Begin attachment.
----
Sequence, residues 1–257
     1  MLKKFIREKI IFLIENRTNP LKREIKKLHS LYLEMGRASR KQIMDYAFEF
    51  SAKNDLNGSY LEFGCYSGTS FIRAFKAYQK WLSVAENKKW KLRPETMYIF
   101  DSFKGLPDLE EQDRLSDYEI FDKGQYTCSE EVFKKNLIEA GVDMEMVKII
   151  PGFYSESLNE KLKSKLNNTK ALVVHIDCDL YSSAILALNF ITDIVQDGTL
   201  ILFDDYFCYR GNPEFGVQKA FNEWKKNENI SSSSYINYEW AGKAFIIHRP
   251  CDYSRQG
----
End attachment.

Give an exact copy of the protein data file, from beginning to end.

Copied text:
Sequence, residues 1–257
     1  MLKKFIREKI IFLIENRTNP LKREIKKLHS LYLEMGRASR KQIMDYAFEF
    51  SAKNDLNGSY LEFGCYSGTS FIRAFKAYQK WLSVAENKKW KLRPETMYIF
   101  DSFKGLPDLE EQDRLSDYEI FDKGQYTCSE EVFKKNLIEA GVDMEMVKII
   151  PGFYSESLNE KLKSKLNNTK ALVVHIDCDL YSSAILALNF ITDIVQDGTL
   201  ILFDDYFCYR GNPEFGVQKA FNEWKKNENI SSSSYINYEW AGKAFIIHRP
   251  CDYSRQG